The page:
ajit donald: At 82 (Sept 15, 1915), don't you ever want to retire? Will you die with your paint brush in your hand? Does death frighten you?
Mr M F Husain: Ajit Donald: I'd like to die like a soldier with the boots on.
jahanaara Mr. Husain, the media characterises you as someone itching for controversy. Is it true? I don't think it is. What do you say?
Mr M F Husain: Janajaara: I think you don't do work for controversy alone, and whenever you do new work which people don't understand and they say it is done to create controversy. Throughout my life I have experimented and I kept on trying to use so many media and ideas in my work because our horizon is so vast and Indian culture is so rich that I think what we are today, culturally, we have a unique position and I don't think one lifetime is enough to encompass it.
'I painted Saraswati with great respect and conviction'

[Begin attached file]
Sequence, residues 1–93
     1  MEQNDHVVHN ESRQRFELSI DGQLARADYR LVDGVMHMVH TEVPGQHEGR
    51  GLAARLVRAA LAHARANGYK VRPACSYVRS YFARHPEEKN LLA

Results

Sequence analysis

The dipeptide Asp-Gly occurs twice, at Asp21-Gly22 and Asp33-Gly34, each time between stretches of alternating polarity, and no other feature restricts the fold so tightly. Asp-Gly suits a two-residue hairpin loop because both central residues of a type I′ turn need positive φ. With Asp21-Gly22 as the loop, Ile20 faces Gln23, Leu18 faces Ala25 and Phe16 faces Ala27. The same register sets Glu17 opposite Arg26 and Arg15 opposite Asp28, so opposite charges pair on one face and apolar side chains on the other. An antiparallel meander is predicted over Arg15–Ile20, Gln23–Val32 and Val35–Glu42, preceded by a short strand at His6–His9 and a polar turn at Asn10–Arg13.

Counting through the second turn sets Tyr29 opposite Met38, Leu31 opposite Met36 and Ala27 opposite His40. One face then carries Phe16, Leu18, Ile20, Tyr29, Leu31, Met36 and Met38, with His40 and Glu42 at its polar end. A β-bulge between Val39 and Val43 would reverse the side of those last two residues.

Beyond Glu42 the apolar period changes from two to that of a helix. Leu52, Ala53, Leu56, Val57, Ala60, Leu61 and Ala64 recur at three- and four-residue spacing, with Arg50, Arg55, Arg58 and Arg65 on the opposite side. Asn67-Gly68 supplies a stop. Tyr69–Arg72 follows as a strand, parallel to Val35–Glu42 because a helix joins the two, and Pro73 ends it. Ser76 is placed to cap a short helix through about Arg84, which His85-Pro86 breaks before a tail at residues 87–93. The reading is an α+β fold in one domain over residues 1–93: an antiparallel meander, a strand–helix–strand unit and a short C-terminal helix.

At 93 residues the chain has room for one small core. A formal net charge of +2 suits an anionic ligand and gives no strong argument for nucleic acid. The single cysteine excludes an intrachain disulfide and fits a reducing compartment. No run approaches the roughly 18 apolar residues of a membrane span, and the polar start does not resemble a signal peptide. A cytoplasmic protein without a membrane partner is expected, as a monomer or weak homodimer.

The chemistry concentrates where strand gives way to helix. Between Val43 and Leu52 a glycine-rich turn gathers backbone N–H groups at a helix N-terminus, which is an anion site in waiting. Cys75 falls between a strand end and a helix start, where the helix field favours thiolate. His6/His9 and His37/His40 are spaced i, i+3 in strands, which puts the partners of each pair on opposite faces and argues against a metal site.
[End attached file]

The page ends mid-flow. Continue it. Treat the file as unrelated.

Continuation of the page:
Jahanaara: Mr Husain, I will like your take on your Saraswati painting. What do you have to say about the controversy it caused?
Mr M F Husain Jahanaara: Since there are a lot of questions on the Saraswati painting this is what I have to say: Saraswati is the goddess of arts and literature and it has been depicted in Indian culture and Indian miniatures in the past in various forms.
The one which I painted was with great respect and conviction, there was no intention except to create an image of Saraswati in the modern language of painting, which some people couldn't understand the nuances of artistic appeal. This was not a painting but a drawing which was done 20 years back and was not meant for exhibition or publication.
Curious: So tell us sir... Did your wife or kids inspire your work? Did your kids take to painting, etc... are they any good?
Mr M F Husain Curious: Of course as they say there is a woman behind every successful man. But I say behind every successful painting there is a woman, and in my case it was my wife. Two of my sons are painters, Shamshad and Owais.
'The art of the coming century will be more dynamic'